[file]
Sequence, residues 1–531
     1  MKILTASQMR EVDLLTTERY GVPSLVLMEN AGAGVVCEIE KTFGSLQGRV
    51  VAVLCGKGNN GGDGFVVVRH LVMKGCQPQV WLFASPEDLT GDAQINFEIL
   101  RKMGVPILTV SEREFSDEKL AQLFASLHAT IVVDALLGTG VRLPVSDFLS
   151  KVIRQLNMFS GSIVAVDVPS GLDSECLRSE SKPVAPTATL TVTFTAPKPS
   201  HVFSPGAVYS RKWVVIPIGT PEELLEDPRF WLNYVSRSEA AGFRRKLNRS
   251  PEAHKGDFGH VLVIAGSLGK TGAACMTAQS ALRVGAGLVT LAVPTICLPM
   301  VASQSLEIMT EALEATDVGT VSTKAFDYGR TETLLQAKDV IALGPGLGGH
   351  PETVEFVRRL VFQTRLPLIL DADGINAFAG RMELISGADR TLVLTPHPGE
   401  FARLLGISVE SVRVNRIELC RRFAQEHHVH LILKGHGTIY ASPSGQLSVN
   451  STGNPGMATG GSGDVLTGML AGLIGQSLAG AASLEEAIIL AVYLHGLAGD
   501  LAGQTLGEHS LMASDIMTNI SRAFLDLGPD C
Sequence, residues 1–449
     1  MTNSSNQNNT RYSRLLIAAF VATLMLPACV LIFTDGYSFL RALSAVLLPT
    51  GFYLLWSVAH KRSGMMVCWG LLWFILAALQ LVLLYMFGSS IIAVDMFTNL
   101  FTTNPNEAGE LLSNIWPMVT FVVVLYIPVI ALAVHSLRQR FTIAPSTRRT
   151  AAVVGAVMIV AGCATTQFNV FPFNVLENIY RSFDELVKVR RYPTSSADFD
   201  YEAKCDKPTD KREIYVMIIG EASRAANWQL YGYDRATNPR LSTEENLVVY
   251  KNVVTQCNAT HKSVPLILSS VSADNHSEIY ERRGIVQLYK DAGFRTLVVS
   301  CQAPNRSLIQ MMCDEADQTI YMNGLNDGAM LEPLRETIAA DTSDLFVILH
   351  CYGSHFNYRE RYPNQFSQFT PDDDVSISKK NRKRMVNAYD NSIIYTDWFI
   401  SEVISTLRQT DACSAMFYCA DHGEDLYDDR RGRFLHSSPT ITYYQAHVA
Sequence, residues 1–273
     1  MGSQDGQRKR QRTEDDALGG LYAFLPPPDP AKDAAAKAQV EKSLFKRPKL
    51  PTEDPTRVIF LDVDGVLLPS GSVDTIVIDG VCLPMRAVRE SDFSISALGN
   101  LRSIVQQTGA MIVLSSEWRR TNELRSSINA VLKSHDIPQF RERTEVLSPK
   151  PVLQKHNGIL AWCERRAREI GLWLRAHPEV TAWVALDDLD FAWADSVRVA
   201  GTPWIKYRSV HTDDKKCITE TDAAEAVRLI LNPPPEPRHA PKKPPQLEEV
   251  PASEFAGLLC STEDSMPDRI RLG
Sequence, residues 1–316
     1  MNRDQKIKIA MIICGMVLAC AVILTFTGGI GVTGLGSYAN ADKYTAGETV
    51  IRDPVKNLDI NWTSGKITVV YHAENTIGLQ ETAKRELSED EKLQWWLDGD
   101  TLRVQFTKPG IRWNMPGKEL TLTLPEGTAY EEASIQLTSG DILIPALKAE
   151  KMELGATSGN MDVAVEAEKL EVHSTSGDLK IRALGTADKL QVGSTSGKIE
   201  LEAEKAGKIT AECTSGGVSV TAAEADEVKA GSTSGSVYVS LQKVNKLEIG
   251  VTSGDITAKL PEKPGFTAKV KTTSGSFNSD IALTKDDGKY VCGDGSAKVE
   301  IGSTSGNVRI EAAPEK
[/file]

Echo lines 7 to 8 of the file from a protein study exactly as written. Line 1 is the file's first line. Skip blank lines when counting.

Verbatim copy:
   251  PEAHKGDFGH VLVIAGSLGK TGAACMTAQS ALRVGAGLVT LAVPTICLPM
   301  VASQSLEIMT EALEATDVGT VSTKAFDYGR TETLLQAKDV IALGPGLGGH